‘I’m running the London Marathon to say thanks for my brother’s transplant’
When Charlotte De Paepe runs this year’s London Marathon for Kidney Research UK, she will be thinking of two people very close to her heart.
Her grandfather Gordon “Jack” Mason passed away in 2021 at the age of 87, after surviving a kidney transplant 33 years earlier. Her brother Ashley, meanwhile, had a successful kidney transplant last March, so it’s no surprise she now wants to give thanks for the care and support her loved ones have received.
“I’ve always done half marathons and I run as a way to keep fit, so after everything that happened with my brother and my grandad, I thought, ‘Right, I’m going to do it’,” said Charlotte, 33. “The London Marathon has always been on my bucket list, so this has given me the motivation. And I’ve always wanted to do it for Kidney Research UK.”
While Charlotte always knew her grandfather had received a transplant, it was rarely spoken about due to Jack’s stoic nature and his eagerness to “just get on with life”.
But in July 2021, when her brother was diagnosed with kidney failure after suddenly collapsing one day before work, it felt like history was repeating itself.
“He got up and couldn’t feel his legs,” said Charlotte, from High Wycombe. “He must have then fainted, because he remembers waking up, ringing the emergency services and being rushed to hospital.”
A couple of days later Ashley learned his kidneys had only 3 per cent functionality and he was quickly put on dialysis.
“We were in a state of complete shock, especially my mum, Karen, who was still grieving after losing my grandfather just a few months earlier,” said Charlotte.
Family history of kidney disease
What happened to Ashley, now 35, triggered an urgent conversation within Charlotte’s family and they soon identified a pattern. Three of her great aunt’s five children had also passed away from kidney disease – it felt like more than an unlucky coincidence.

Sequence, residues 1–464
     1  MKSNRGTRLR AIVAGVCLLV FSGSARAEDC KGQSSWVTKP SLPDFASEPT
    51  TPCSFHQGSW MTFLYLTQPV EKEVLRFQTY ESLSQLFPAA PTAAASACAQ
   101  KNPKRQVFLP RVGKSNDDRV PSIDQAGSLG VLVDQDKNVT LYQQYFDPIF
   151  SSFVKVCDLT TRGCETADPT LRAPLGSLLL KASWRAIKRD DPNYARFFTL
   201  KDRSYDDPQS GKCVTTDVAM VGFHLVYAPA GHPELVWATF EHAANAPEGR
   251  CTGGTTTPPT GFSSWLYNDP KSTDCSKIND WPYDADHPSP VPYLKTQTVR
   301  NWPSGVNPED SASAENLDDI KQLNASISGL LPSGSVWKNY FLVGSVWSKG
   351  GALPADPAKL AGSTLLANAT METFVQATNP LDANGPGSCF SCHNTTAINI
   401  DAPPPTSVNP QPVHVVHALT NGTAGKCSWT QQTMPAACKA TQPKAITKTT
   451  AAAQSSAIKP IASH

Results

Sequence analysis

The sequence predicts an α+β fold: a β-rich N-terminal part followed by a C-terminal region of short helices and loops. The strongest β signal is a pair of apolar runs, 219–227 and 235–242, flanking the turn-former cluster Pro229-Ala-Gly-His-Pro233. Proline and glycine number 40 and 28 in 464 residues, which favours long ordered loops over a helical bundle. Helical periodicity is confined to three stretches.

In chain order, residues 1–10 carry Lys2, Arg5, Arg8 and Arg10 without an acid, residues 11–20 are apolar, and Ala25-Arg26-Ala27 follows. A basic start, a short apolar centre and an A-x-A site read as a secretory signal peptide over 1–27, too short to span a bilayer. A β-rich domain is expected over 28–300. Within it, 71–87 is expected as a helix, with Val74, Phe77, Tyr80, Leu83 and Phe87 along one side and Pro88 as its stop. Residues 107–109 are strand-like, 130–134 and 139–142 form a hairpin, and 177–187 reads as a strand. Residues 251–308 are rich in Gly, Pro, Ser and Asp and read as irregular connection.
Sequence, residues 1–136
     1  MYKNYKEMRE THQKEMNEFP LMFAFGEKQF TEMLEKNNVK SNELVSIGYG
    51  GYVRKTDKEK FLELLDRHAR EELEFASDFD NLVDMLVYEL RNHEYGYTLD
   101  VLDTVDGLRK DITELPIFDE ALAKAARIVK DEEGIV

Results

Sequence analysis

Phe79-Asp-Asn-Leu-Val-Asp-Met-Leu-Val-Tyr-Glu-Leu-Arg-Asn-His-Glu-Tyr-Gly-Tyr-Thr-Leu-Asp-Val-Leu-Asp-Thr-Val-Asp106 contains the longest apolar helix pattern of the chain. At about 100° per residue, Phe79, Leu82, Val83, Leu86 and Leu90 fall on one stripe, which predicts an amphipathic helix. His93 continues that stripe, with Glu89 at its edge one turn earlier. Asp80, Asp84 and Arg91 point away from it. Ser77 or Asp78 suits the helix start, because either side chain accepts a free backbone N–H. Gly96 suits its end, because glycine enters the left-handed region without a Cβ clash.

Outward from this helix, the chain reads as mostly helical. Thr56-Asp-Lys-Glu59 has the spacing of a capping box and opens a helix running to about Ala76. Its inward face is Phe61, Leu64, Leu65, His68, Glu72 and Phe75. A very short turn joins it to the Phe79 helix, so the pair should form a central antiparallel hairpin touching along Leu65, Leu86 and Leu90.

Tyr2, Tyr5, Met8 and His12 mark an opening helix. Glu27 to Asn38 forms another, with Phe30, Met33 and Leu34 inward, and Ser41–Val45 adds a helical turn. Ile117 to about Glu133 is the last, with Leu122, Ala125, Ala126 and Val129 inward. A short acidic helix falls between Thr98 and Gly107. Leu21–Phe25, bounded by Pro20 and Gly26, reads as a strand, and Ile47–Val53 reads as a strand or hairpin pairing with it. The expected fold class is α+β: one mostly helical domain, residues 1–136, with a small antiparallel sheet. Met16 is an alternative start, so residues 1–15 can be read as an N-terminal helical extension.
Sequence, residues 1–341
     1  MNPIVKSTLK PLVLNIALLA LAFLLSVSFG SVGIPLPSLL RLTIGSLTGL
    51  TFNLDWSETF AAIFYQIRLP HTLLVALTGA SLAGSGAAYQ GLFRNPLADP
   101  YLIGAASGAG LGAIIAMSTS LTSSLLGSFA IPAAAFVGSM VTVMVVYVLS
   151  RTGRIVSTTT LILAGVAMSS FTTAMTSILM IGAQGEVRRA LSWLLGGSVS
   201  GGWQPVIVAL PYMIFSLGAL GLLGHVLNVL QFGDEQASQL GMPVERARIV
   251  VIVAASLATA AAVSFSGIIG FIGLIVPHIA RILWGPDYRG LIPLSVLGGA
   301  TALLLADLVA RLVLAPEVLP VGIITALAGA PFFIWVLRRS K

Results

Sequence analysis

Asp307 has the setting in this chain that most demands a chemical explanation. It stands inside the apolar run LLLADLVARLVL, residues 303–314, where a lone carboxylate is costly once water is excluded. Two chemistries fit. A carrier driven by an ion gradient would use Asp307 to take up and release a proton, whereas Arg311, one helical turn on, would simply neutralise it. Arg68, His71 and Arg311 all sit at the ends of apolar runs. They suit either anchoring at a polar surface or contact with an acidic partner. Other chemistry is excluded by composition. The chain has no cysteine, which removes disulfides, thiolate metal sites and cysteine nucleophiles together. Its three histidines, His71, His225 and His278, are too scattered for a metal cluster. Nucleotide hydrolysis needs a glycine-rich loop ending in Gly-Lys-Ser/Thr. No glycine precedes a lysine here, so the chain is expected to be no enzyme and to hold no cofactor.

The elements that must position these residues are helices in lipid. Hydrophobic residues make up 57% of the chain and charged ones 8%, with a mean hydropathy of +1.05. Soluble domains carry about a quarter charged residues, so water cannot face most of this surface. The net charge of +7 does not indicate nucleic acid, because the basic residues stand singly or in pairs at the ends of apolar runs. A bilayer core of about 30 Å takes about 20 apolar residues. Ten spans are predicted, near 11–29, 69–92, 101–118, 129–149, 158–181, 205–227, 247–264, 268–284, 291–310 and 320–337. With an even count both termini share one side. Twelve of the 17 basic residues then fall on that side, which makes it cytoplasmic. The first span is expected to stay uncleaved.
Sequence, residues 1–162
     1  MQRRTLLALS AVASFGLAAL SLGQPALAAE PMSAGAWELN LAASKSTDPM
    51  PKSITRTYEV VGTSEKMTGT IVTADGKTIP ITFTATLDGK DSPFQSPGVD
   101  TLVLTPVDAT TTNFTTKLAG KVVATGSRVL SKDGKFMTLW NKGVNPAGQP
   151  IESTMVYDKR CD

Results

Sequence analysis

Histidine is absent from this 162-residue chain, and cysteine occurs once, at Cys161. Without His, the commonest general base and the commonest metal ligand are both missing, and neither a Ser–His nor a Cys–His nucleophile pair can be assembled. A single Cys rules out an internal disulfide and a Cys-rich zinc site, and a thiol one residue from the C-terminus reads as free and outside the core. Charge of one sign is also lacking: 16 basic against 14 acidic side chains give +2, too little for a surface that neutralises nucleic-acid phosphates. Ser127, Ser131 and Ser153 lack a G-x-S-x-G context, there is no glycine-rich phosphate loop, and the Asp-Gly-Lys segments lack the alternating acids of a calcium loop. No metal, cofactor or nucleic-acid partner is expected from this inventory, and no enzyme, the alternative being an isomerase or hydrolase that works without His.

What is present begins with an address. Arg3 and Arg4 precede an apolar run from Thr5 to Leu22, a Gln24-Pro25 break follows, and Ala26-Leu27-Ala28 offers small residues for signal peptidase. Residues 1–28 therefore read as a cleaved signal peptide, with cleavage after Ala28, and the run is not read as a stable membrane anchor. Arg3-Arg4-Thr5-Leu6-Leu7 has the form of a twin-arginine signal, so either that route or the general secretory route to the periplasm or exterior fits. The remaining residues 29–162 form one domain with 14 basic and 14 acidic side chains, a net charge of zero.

“We realised it must be hereditary because of how many people in our family had suffered,” said Charlotte. Charlotte’s mum decided to get tested and was found to have the gene for uromodulin-associated kidney disease (UKD) – a hereditary and rare form of kidney disease which causes the organs to lose function over time. “Mum didn’t put any pressure on me, but said she thought it would be worth me finding out too. My husband and I want to have children, so it felt important not only for myself, but also for future generations.”
While preliminary blood and urine tests showed no signs of kidney deterioration, further genetic testing revealed Charlotte was also carrying the gene for UKD. Charlotte’s great aunt, one of her great aunt’s daughters and one of her granddaughters also carry the gene.
“It was a huge shock to find out and I was very upset at the time,” said Charlotte. “But there’s a strange peace of mind, too, because I’d rather know than bury my head in the sand, always wondering if I might have it. I’ll now be checked annually and hopefully I’ll be OK. My mum is 61, fit and well and my great aunt Joy, 78, is also living her life well, so I feel quite hopeful.”
A gift from an anonymous donor
Despite being told it could take 12 to 18 months to find a donor, Charlotte’s brother Ashley was admitted to University Hospital Coventry and Warwickshire for a transplant in March last year.
“It all happened so quickly,” she said. “Within eight months of him collapsing, he had a transplant after receiving a kidney from an anonymous live donor. He recovered well and went back to work in July last year.”
Ashley, who works as a water quality analyst, had his last full check up at the end of November and is now on biannual observations. While nothing significant raised the alarm prior to his collapse, Charlotte said that, looking back, there were signs he wasn’t well.
“Before his kidneys failed, he’d felt ill for around 18 months – he kept getting colds and coughs and just felt a bit lethargic,” she said. “He also had itchy skin and numb legs in the two months leading up to his hospitalisation, but there weren’t any more severe symptoms beyond that.”
Taking part in the London Marathon in aid of Kidney Research UK will be particularly poignant for Charlotte as her mum also ran it for the charity back when she was 33 – the same age Charlotte is now.
“I’m exactly the same age as she was, so she’s teasing me that I’ve got to beat her time, 4 hours 12 minutes,” said Charlotte. “I’m not sure I’ll beat her, but I’m quietly confident.”
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